Teens who regularly use social media, when compared to those who don’t, are three times more likely to use alcohol, five times more likely to smoke, and two times more likely to smoke marijuana.
In the realm of 2014’s iconic tunes, “Selfie” stands out as a memorable electronic house track. This catchy song featured an amusing monologue by a young woman fixated on the art of taking self-portraits, commonly known as selfies.
The Evolution of Selfies
A selfie captures a moment, a self-portrait snapped with a smartphone. Gone are the days of relying on friends to capture your essence; now, you can frame yourself in the perfect shot while peering at your device’s screen. The surge in smartphone use has transformed millions into amateur portraitists, avidly sharing their self-portraits across popular social media platforms like Facebook and Instagram.
Beyond the Surface: The Dark Consequences
While the selfie trend appears harmless, recent incidents shed light on its darker consequences. A poignant example is the story of Danny Bowman, a 19-year-old UK resident who grappled with suicidal thoughts linked to a selfie obsession. This tragedy prompted experts to explore the perils of social media addiction.
Unmasking the Dangers: Expert Insights
Dr. Karrie Lager, a prominent pediatric psychologist in the United States, underscores the positive aspect of social media as a means for youth to stay connected. However, she warns of adverse effects arising from excessive usage. Citing a Columbia University study, Dr. Lager reveals that a staggering 70% of US teens, roughly 17 million individuals, engage with social media daily. Shockingly, teens immersed in social media activities are three times more prone to alcohol use, five times more likely to smoke, and twice as likely to indulge in marijuana. A concerning 40% of these teens report exposure to substance-related content, further fuelling substance use.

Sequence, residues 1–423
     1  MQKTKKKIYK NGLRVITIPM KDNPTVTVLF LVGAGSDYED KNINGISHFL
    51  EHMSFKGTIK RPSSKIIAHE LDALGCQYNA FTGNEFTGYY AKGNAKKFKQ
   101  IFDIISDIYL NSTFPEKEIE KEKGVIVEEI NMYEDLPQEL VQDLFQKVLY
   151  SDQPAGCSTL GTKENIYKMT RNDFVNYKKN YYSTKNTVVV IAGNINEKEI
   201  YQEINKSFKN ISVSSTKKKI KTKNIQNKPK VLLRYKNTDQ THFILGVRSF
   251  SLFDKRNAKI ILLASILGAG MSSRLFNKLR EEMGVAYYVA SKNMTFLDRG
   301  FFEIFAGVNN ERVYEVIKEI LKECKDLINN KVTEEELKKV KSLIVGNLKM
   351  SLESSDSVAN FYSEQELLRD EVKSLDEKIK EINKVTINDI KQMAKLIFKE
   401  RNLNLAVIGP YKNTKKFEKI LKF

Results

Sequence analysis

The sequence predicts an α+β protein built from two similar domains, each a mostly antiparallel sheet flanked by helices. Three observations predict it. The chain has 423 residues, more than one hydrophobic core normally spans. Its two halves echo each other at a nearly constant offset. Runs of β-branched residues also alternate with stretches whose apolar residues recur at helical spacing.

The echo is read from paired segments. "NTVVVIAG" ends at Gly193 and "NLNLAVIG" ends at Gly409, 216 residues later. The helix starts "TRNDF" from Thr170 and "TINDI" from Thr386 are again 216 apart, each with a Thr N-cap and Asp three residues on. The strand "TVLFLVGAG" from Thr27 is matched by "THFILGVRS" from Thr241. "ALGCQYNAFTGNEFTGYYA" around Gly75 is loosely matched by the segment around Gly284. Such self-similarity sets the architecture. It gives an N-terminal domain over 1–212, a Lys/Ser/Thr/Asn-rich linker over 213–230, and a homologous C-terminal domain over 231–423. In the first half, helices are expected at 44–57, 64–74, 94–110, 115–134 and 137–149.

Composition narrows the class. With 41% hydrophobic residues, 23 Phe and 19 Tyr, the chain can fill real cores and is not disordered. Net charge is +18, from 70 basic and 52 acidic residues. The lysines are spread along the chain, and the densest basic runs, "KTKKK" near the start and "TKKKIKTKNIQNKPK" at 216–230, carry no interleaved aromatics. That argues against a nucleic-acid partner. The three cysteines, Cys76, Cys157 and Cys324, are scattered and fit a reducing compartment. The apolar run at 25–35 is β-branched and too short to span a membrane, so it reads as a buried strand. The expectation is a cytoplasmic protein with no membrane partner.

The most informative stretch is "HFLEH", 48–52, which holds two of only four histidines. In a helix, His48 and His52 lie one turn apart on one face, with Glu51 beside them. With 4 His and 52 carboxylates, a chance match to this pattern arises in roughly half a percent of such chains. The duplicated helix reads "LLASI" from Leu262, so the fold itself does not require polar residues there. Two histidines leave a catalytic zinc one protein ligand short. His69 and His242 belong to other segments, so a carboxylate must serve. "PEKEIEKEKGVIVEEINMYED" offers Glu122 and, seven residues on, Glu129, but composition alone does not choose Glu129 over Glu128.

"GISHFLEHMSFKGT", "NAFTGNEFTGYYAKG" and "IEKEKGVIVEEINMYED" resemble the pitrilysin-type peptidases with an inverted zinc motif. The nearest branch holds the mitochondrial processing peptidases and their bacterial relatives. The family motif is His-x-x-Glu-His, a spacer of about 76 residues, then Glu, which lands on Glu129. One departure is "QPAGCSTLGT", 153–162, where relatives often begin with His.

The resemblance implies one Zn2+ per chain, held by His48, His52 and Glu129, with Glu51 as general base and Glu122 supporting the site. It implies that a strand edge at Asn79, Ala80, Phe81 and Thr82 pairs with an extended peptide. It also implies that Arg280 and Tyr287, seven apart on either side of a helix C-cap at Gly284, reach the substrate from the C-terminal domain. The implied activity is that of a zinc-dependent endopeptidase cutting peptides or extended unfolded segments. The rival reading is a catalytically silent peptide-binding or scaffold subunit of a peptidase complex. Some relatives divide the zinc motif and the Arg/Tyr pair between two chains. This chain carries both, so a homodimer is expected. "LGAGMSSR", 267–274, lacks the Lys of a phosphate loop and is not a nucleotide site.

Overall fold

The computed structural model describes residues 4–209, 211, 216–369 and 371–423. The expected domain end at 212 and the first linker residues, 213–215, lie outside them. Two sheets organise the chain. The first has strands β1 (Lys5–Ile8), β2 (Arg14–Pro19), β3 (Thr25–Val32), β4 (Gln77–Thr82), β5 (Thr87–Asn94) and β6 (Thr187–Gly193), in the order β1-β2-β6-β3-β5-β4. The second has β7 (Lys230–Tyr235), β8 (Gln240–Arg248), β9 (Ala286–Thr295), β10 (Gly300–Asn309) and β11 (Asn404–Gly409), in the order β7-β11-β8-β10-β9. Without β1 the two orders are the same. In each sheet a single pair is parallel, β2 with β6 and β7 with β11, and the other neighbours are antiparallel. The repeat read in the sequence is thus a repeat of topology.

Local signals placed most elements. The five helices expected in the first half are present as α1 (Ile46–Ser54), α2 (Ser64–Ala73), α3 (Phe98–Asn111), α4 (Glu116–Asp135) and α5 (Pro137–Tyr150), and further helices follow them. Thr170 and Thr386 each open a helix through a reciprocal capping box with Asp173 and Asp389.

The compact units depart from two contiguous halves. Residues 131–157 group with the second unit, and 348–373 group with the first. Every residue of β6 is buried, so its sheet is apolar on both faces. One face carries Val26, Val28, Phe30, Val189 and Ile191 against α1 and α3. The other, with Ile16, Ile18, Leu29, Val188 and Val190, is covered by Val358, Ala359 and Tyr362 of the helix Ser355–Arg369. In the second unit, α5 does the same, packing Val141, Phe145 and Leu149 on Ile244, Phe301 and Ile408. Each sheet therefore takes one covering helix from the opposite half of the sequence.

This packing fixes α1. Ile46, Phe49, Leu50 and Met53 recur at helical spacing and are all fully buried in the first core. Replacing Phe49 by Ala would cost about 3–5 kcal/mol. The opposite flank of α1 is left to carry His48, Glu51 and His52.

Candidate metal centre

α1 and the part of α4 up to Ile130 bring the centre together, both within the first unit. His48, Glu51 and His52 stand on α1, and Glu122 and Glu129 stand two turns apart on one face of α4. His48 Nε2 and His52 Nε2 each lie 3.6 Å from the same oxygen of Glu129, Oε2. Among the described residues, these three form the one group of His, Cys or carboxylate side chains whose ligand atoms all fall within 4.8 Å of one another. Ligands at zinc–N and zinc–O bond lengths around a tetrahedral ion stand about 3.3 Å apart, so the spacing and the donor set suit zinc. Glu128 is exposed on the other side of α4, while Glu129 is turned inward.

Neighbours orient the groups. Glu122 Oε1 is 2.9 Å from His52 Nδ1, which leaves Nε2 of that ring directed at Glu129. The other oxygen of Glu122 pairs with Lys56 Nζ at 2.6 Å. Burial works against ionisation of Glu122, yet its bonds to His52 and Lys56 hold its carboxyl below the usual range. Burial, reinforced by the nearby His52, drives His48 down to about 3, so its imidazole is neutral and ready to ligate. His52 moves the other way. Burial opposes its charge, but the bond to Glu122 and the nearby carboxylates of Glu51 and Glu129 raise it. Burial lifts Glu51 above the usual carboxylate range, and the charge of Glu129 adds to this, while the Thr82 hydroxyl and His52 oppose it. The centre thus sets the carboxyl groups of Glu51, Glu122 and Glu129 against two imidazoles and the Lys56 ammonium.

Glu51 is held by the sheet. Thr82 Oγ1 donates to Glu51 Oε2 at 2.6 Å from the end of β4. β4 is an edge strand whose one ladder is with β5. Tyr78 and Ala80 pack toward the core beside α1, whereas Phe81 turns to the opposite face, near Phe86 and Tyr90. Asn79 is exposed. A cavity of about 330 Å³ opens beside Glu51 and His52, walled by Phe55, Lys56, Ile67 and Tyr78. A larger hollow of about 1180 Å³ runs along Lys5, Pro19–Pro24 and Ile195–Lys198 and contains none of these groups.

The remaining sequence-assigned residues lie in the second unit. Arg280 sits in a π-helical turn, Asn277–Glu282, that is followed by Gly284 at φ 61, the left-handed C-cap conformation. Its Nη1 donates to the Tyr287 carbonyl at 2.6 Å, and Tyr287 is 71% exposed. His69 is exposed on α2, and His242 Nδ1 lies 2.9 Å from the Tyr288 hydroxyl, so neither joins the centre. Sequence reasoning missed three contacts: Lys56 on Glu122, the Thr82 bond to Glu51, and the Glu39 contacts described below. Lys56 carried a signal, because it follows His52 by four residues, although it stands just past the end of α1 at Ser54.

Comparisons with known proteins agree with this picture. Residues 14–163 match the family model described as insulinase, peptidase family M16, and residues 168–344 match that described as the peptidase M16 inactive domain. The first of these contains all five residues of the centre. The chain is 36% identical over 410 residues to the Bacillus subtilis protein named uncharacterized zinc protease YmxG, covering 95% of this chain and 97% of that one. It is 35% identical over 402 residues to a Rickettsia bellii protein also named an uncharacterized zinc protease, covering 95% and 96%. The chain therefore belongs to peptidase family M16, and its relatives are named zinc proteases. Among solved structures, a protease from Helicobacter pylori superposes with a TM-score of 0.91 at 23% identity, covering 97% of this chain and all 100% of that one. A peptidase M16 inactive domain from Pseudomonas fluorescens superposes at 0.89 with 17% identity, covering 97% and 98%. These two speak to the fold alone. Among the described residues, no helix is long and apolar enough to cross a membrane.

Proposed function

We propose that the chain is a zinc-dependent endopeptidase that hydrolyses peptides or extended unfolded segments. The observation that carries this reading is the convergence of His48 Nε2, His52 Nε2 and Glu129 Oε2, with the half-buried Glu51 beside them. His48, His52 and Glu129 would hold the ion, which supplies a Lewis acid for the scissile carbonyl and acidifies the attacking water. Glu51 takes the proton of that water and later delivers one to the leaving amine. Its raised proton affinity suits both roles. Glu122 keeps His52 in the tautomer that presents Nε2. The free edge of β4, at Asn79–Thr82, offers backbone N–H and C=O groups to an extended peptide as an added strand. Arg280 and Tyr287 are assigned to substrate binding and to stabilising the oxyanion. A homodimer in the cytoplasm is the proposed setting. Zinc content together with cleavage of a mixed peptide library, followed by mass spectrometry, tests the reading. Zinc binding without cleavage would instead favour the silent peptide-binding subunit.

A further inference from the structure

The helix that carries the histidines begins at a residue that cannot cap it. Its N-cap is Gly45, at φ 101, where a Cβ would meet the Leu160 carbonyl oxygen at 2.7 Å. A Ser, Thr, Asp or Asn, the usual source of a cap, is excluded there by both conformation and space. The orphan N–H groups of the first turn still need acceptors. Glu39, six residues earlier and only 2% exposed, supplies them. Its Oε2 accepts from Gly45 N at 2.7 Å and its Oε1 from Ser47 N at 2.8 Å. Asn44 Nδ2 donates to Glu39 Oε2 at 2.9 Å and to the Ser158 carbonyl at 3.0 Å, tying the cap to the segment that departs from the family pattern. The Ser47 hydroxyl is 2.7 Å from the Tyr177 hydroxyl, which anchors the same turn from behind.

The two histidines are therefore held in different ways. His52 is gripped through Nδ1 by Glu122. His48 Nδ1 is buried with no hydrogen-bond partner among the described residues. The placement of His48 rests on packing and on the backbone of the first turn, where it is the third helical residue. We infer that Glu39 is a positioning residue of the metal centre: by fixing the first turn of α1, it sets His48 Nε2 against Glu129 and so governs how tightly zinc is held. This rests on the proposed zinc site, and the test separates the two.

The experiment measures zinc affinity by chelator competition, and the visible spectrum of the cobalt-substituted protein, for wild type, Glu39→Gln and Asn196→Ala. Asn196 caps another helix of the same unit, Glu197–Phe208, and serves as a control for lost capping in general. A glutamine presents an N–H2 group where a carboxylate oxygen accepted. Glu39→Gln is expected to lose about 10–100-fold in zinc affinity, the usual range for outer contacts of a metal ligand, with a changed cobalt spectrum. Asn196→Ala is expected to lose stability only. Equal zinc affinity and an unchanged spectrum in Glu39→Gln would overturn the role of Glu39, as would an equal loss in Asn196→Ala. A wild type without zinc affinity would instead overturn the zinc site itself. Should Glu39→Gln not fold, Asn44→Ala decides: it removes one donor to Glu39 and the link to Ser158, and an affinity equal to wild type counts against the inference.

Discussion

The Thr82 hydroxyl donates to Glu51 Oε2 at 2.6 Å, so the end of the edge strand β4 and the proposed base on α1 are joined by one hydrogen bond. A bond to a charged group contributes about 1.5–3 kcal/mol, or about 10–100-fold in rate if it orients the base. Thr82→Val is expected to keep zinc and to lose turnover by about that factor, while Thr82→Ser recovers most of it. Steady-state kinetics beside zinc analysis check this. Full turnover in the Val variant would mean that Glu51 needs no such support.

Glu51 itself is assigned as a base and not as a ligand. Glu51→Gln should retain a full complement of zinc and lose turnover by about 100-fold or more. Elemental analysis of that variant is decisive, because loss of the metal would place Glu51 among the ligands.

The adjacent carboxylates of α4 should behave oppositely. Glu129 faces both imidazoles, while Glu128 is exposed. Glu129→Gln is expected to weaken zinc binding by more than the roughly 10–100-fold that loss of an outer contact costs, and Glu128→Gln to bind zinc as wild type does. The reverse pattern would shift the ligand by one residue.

Social Media Addiction: A Growing Concern
Dr. Lager’s research extends beyond substance abuse risks. She identifies symptoms akin to addiction stemming directly from social media use, including tolerance, withdrawal, and compromised health. Two separate studies delve into the addictive aspects of social media.
In 2013, the University of Michigan explored the correlation between Facebook usage and well-being. The findings pointed towards a negative impact on participants’ emotions and life satisfaction. The constant exposure to others’ peak and low moments through photos likely contributed to a diminished sense of personal contentment.
Unveiling the Neurological Impact
Delving into the neurological realm, researchers investigate the brain’s response to social media usage. Harvard University’s study reveals that divulging personal information triggers the brain’s reward centres. This gratification becomes a driving force behind sharing on social media platforms. Dr. Adi Jaffie further highlights the rapid stimulation of the brain’s reward centres through mobile-based social media use, potentially fostering dependence among users.
In conclusion, the seemingly innocuous act of taking and sharing selfies unfolds a complex tapestry of mental health challenges. Acknowledging these issues is crucial in fostering a balanced relationship with the digital world and mitigating the adverse impacts on the younger generation’s well-being.
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